Wireguard is cool. I happen to be hosting some private web services on a VPS instance,some without authentication. To secure them I installed Wireguard and restricted access from public Internet. Only traffic coming from Wireguard’s interface can go into my hosted service. It’s secure (I hope…), and hassle-free.
Now it’s finally the time to have Wireguard set up on my Windows 10 machine because I have gotten to use it more often lately. There is an official Wireguard client on their website so I went on to install it.
Everything went well on my admin user. I was able to add and activate the interface.
I set it up such that only traffic going from/to the
10.0.0.0/24 subnet is
using Wireguard’s interface. The rest goes through
eth0 as before. The
purpose of using Wireguard is to gain access to services on the VPS, not using
the VPS as a VPN host.
This setup seemed working until I rebooted the machine and logged into a non-admin user as I usually do. This time, there’s a problem. Wireguard isn’t connected. When opening the Wireguard client GUI, I was greeted by this message box.
I cannot control the Wireguard as non-admin user. Worse, it doesn’t start automatically. I know that Wireguard manager and the Wireguard tunnel I set up are running as services and start automatically on boot. Somehow, the tunnel cannot be started properly when I boot into non-admin user.
services tool of Windows I found this line of log:
WireGuardTunnel$Wireguard 服務因下列服務特定錯誤而終止: 系統找不到指定的路徑。
In English it means Wireguard couldn’t read a particular file. Either it doesn’t exist, or Wireguard wasn’t able to read it.
When manually start the
WireGuardTunnel$Wireguard service, it works. The
interface comes back. However, this isn’t good enough for my lazy soul. So I
went to look at the config file Wireguard was trying to access.
WireGuardTunnel$Wireguard starts by reading configurations from this file
inside the system directory
C:\WINDOWS. Apparently, whichever user Windows
was trying to start this service with, had not the permission to this file.
"C:\Program Files\WireGuard\wireguard.exe" /tunnelservice C:\WINDOWS\system32\config\systemprofile\AppData\Local\WireGuard\Configurations\Wireguard.conf.dpapi
Well, at this point the fix has became obvious. I granted my non-admin user the read permission to this configuration file and rebooted.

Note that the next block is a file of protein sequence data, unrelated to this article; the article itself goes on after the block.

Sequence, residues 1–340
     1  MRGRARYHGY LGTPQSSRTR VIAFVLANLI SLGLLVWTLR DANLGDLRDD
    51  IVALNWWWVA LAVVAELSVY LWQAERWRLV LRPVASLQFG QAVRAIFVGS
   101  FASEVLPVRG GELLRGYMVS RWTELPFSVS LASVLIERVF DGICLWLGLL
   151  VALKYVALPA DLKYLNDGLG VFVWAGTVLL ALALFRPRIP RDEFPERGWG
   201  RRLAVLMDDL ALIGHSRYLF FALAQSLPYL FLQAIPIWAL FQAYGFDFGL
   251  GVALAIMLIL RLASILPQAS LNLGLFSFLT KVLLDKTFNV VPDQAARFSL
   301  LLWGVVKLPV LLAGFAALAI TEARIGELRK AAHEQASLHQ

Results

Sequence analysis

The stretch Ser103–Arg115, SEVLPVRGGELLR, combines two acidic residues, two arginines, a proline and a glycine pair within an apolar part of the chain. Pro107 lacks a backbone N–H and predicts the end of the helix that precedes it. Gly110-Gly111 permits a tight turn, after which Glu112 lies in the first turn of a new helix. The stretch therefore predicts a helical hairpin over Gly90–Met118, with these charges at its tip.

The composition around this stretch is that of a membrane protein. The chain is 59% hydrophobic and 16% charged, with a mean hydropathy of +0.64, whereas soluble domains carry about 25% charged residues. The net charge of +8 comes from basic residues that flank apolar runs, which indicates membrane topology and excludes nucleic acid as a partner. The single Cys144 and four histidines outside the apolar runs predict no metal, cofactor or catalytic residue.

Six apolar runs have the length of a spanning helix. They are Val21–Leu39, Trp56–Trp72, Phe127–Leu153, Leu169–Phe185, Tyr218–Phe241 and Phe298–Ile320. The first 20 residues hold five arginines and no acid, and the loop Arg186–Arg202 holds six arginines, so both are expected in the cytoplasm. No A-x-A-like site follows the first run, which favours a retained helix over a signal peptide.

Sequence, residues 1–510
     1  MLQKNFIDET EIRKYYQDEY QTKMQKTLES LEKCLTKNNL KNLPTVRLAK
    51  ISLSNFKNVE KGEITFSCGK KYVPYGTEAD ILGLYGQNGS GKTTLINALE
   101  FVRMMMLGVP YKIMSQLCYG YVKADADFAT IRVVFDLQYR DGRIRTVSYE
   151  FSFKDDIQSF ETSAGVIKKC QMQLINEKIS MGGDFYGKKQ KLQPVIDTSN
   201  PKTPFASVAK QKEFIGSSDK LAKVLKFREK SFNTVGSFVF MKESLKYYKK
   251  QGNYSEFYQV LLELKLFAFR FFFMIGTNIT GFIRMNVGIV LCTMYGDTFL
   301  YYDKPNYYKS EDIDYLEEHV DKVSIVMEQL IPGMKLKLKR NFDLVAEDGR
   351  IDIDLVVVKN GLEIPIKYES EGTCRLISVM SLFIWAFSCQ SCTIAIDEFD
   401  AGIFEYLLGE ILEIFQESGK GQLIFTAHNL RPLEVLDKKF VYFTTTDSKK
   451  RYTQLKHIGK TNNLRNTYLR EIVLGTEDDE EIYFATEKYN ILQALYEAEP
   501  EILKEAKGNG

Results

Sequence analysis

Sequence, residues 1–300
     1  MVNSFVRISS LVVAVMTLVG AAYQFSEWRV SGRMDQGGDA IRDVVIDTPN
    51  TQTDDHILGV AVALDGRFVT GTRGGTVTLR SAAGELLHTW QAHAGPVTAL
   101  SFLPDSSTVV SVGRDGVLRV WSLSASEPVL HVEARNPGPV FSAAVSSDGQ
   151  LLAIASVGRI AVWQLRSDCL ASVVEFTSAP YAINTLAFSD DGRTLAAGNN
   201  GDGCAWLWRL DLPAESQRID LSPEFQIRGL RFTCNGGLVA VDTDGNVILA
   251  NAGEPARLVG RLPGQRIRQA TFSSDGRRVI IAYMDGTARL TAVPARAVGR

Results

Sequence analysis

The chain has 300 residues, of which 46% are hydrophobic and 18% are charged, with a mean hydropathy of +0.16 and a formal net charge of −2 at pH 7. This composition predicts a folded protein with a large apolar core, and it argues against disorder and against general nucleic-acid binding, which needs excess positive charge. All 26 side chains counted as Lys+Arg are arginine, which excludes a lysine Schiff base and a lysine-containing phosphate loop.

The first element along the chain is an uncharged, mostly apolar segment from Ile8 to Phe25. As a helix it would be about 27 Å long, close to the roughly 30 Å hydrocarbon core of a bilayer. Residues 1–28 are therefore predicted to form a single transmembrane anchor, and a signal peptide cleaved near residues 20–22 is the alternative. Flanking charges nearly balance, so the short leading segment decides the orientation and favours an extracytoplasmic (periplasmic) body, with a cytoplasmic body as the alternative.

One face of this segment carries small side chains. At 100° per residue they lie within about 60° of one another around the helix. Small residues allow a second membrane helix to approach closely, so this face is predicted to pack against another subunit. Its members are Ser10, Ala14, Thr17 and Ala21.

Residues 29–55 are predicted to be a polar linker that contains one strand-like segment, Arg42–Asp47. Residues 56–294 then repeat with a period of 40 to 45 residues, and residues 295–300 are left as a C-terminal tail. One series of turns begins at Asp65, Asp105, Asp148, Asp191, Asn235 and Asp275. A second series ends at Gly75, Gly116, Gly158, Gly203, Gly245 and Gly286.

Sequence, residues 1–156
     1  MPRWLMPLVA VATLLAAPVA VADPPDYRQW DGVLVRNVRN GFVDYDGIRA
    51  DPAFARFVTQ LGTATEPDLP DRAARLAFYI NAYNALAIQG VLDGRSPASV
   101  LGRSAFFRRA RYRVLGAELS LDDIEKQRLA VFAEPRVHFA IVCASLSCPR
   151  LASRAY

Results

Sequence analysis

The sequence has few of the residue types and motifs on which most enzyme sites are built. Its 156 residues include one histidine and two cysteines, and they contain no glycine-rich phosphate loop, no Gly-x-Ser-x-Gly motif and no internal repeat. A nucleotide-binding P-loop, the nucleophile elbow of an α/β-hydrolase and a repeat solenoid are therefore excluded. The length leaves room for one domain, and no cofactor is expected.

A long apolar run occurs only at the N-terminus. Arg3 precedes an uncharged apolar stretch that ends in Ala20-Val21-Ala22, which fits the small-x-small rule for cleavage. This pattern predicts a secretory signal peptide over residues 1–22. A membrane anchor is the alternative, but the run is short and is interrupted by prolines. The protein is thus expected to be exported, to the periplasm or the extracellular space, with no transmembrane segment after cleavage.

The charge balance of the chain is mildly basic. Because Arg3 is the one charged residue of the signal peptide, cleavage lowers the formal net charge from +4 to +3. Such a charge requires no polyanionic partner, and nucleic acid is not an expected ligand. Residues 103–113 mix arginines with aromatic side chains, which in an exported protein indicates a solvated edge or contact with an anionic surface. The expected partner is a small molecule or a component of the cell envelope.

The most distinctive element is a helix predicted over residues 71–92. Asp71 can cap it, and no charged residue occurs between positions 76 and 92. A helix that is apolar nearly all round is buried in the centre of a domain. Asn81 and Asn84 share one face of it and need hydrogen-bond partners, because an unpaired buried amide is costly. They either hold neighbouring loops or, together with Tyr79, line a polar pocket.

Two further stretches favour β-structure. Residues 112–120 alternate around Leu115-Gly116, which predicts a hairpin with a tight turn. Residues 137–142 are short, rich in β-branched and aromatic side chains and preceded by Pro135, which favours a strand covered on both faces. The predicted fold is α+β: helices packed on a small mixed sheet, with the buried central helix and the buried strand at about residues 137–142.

At this point I have gotten Wireguard to automatically start when loggin in as non-admin user. However there’s a caveat: I granted a non-admin user access to the DPAPI-encrypted config file which contains the private key of my Wireguard client. Any application can read (but not write to) that file.
Granted, it’s encrypted and the non-admin user has no write permission to the folder containing this config file, yet is it possible for malicious actors to obtain this file via an exploit in Windows and pretend to be me?
According to Microsoft, DPAPI uses a “pseudo-random 512-bit number named a master key” that is “protected using a value that is derived from the user’s password”. Who’s the user in this case? The admin group user setting up Wireguard? The LocalSystem? Or the non-admin user who requires this file to be readable in order make Wireguard service start successfully?
Inexperienced in software development in Windows, I have no answer to this question. I am however aware that on the other side of the Wireguard network, I can set a static endpoint for my particular machine.
[Peer] PublicKey = dmVyeSByYW5kb20K... AllowedIPs = 188.8.131.52/32 Endpoint = 184.108.40.206:1234 # host:port of my Windows PC
This may be one way to secure my setup because the VPS will verify that the traffic came from this particular IP. Malicious have to ues my IP address to access the network even though they may have my private key.
This is an ugly workaround, especially if my PC’s public IP changes frequently. What would you do? Any better way to deal with this issue?